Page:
Ron Amos, owner and president of Evergreen Nursery Company, Inc. in Sturgeon Bay, has been named the 2021 Wisconsin Distinguished Agriculturalist by the College of Agriculture, Food and Environmental Sciences (CAFES) at the University of Wisconsin-River Falls.
Amos has taken one of the oldest businesses in Wisconsin and has kept it relevant, innovative and thriving. Evergreen Nursery, established in 1864 by George Pinney, remained in the Pinney family until 2001, when Amos, who had advanced from propagator to vice-president at Evergreen Nursery, purchased the business. Today, Amos oversees more than 30 employees who annually produce three million liners of evergreens, shrubs and birch, and up to two million liners of cranberries that are shipped across the U.S. and Canada. Evergreen Nursery is the largest wholesale nursery in the state.
Amos, a native of Madison, has a strong background in plant propagation having earned a master’s degree from UW-Madison under Brent McCown, Ph.D. Amos started a tissue culture lab at Evergreen Nursery where he optimized the techniques to propagate unique birches and other woody plants which are notoriously difficult to work with, making them commercially viable. He partners with other woody plant breeders to make new and valuable varieties of northern hardy shrubs available.
Amos also works closely with the cranberry industry. The cranberry plant is native to Wisconsin and more than 60% of the cranberries produced in the U.S. come from Wisconsin. With his strong plant propagation skills and deep understanding of plant development, he has helped cranberry breeders increase their number of plants of advanced selections for trials and mass produce the most promising cultivars. His efforts have helped make new, high-yielding cultivars available to growers.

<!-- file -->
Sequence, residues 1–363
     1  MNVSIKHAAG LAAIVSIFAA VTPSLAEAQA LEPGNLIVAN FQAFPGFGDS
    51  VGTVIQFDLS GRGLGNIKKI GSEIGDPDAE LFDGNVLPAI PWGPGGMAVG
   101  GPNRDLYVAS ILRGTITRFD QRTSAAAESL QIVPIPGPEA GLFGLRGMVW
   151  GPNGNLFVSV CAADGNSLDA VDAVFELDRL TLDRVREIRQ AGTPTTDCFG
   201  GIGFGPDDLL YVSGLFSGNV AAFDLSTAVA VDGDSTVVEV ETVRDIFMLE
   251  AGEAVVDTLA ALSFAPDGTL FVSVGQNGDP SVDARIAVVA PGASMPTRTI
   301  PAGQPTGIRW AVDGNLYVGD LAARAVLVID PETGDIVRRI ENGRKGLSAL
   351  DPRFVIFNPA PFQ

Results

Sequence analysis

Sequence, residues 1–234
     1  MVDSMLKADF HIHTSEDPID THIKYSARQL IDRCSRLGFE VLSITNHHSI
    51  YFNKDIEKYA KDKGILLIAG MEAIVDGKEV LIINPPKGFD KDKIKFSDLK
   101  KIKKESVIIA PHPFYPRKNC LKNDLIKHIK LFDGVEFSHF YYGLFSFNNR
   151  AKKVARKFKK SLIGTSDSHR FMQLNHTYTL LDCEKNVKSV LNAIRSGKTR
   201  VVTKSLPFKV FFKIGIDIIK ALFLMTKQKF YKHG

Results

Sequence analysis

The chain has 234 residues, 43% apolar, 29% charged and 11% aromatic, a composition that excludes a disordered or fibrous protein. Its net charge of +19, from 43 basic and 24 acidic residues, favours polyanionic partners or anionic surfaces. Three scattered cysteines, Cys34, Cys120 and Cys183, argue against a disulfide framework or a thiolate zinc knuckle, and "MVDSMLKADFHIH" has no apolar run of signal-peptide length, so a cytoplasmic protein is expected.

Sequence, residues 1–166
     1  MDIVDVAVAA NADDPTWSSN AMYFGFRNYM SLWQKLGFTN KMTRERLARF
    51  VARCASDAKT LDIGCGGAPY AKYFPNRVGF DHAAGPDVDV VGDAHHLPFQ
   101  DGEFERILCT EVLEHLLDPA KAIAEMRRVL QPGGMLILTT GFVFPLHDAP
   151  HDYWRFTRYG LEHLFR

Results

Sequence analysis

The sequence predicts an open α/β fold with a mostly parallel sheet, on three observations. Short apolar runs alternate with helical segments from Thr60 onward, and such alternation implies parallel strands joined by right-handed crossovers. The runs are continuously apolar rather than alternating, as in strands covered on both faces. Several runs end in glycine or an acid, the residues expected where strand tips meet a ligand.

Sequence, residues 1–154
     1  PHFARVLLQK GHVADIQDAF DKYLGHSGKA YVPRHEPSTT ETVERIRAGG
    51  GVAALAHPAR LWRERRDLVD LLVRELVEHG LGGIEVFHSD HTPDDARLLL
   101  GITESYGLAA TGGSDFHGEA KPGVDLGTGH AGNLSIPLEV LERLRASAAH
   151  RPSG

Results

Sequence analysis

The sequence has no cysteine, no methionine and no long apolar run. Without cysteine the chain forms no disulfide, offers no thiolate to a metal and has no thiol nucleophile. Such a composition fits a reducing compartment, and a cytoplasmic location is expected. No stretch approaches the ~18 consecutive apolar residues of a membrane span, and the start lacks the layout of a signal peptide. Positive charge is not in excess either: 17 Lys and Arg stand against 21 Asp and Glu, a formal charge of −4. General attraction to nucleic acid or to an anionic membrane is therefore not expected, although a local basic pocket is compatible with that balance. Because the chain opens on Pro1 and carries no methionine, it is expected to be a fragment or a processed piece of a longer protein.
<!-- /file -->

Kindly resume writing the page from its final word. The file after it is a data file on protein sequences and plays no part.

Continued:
A leader in the International Plant Propagators Society (IPPS), Amos has made significant contributions to their educational programming, has served on numerous committees and served as president in 2014. In 2019, he was honored with the Award of Merit from the IPPS Eastern Region, the highest honor that can be awarded to a member.
His innovations extend beyond plant propagation and breeding. Amos designed unique containers that foster better root systems in young evergreens. He adapted a technique used by perennial growers and began freezing bare root evergreen plugs which has allowed them to ship plants, at the right stage of development, to customers any time of year.
Amos is also an environmentalist, working to preserve the mycorrhizal fungi naturally present in the soil and which promote strong multi-branched root systems. He also served in a leadership role to help Wisconsin develop ecological sound policies to combat invasive plants coming in through horticulture.
Amos’ contributions in the area of plant production have helped support multiple sectors of Wisconsin’s $2.7 billion horticultural green industry, from landscape and garden center sales, to fruit production. In 2017, he was inducted into the Wisconsin Green Industry Federation Hall of Fame.
“For more than 50 years, the College of Agriculture, Food and Environmental Sciences has been recognizing individuals who have made significant contributions to agriculture and natural resource management in Wisconsin and beyond, as well as supported UWRF and its programs,” said CAFES Dean Dale Gallenberg. “Ron’s place among these individuals is well deserved and we’re pleased to add him to the group. We appreciate his support of our college and what he has done for the nursery industry.”
The Wisconsin Distinguished Agriculturalist Award was established in 1970 to recognize individuals in the agricultural or natural resources fields that have made outstanding contributions to Wisconsin agriculture, to the state and to their communities. It is jointly administered by UW-River Falls, the College of Agriculture, Food and Environmental Sciences, and the student organizations within the college. The Wisconsin Distinguished Agriculturalists are honored with a sketch of their likeness on the Agricultural Hall of Fame wall in the Agricultural Science Hall atrium.